Nice to have items

Today,  we will continue to talk about the things you want to get done before you set sail?  We’ll cover another list and give you some ideas, but remember, everybody’s boat and lists are a little different.  First it was the list of what you need to do before you cast off, including prepping the boat AND preparing the crew!  Another list is the “nice to have items”.   Here’s a sample of the kinds of things we will be talking about:

 

“Nice to Have” Items:

 Slap Stoppers – For those who sleep in an aft cabin, these are bra-like devices with internal foam strips to tie under the transom. They miraculously break up waves that would otherwise slap the transom all night, robbing you of sleep.

 

Water Makers – Nice to have but they’re expensive, a big power draw and probably the most labor intensive item on a boat.  Bottled water, though sometimes a pain to transport to the boat, is readily available in Mexico.  That is less true in Central America but you can usually manage to catch enough rain there so water is not a problem.

 

Full Cockpit Enclosures – Though we list these under “nice to have”, many actually regard them as essential.  Nights at sea can be cold, even if not foggy.  When foggy, they’re unbearable and parts of Mexico have a lot of fog.

 

Solar Panels – We suggest that even boats with gensets have an alternative/back-up way of generating power and, costing nothing to operate, we believe solar panels to be the best choice.

 

Know Your Boat and Crew – you’ll want to know you can get along with and rely on your crew.  Don’t assume they’ll learn how to sail or run the boat along the way.  Their skill level will remain pretty much the same as when you first leave the home dock. The same is true of the boat’s owners.  Be sure, for example, that everyone is comfortable with watches, overnight passages, etc., before you cut the dock lines.  Inexperienced crew can be more trouble than they’re worth.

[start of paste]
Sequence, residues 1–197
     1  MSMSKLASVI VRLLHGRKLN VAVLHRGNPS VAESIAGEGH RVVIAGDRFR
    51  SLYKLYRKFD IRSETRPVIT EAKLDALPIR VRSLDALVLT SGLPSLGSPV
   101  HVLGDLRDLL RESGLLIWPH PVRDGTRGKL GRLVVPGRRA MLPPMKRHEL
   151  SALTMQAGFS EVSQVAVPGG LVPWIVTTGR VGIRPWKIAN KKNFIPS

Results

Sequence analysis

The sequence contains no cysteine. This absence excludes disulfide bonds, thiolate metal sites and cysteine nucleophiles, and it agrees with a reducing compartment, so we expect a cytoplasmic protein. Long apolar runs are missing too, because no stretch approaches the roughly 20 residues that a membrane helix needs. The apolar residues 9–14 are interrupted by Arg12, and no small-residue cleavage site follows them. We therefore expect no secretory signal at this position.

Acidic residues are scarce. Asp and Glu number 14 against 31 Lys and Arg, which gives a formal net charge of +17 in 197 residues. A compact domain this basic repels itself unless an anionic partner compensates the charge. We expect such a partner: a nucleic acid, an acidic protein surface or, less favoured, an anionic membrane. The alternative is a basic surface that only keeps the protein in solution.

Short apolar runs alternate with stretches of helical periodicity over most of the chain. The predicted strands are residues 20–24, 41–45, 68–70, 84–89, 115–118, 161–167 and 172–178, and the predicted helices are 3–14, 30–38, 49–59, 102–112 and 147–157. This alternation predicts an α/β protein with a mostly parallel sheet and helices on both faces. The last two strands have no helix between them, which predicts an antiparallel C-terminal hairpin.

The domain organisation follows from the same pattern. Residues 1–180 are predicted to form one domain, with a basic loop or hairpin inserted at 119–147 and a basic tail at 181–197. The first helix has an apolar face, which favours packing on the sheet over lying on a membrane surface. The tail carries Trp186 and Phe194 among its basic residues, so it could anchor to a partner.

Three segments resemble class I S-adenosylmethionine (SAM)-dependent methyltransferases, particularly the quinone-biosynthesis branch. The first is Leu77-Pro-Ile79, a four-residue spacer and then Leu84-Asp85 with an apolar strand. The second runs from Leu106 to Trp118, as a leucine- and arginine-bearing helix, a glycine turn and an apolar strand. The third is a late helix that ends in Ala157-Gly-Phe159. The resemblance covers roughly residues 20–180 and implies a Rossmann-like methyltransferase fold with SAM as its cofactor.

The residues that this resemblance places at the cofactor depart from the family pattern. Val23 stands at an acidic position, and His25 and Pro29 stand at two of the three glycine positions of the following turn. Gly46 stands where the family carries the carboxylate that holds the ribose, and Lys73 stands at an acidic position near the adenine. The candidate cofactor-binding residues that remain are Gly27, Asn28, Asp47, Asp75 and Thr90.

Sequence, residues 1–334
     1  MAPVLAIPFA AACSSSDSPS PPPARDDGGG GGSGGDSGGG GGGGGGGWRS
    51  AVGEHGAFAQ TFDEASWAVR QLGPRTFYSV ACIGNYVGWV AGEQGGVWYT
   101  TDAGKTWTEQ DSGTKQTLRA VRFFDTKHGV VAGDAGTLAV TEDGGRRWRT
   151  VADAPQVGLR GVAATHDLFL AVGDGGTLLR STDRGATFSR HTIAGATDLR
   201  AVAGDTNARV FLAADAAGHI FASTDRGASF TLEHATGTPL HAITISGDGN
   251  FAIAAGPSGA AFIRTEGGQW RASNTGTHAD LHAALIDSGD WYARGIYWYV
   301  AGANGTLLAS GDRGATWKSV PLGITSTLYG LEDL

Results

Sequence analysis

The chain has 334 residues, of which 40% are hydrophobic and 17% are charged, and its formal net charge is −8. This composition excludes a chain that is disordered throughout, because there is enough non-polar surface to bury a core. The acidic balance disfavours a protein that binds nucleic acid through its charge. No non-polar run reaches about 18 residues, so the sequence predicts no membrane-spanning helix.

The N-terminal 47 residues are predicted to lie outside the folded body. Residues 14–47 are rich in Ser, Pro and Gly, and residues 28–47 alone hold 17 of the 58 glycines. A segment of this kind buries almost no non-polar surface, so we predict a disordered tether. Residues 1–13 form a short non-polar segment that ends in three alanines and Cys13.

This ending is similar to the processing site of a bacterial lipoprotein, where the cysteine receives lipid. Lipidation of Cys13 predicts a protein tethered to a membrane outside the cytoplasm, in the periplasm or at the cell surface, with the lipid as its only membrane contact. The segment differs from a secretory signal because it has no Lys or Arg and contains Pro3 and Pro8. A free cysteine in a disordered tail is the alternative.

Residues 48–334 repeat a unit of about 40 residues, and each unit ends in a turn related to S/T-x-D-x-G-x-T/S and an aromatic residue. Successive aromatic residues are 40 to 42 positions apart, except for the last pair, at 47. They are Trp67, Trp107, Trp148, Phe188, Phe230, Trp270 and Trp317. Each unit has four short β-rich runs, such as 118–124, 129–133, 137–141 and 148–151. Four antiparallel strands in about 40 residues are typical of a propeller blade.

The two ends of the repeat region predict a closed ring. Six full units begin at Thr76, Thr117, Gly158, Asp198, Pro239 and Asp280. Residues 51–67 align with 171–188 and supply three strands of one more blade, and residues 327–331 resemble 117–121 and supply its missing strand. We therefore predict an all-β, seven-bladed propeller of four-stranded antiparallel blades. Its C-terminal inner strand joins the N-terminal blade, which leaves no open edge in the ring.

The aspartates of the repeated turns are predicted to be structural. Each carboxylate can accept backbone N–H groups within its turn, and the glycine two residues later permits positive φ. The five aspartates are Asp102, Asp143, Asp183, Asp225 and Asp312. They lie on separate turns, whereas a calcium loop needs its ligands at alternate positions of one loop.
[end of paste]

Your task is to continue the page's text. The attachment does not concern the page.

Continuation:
If you use a seasick medication try it out first on dry land and see what your reaction is going to be with it!!  Talk with other cruisers and find out what they use. There are some good ones that you can get on-line!

 

Zip lock bags of various sizes are great, even for encasing tools, t-shirts and things you will discover along the way.  They will help protect things in the Mexican humidity.  Buy lots of just the cheaper house brands which work just fine.  Get some of the really big ones, the suitcase sized ones, for storing sheets, clothes and other bulky items  because you can squeeze all the air out and bulky items will take up less room.

 

Don’t forget dinghy wheels! As you can see the type of wheels most used are the LARGE ones. The small ones may work on hard-packed sand, but you will be unhappy with them when you hit anything else, and not all beaches are hard-packed smooth sand. Lots of beaches are made up of pebbles, small rocks and large rocks, with just enough sand to get in your sandals.

 

TP and paper towels – Bring what you need for a little while, but it’s all available in MX.  It may not be the same quality, but it’s ok.  The last several years Big Box stores have popped up in all the bigger cities, but so far no Trader Joe’s.

 

Also take dark chocolate and good coffee.

 

Wine – you’ll find nice, enjoyable wines, (some Mexican, lots from “Down Under” & South America).

 

Solar showers:  Fill one each morning and put it on the deck to warm; at night hook it up through the hatch in your shower.  It will save lots of water while adjusting the shower temperature, and you won’t have to run the engine or water heater for a shower!

 

Take backpacks, boat bags, and sturdy grocery bags to carry your groceries when in Mexico.

 

Lots of things will come natural to you if you have spent any time sailing, camping, hiking or doing other outdoor activities. You will get lots of ideas from other sailors at dinghy raft-ups, but don’t forget to get those dinghy wheels.

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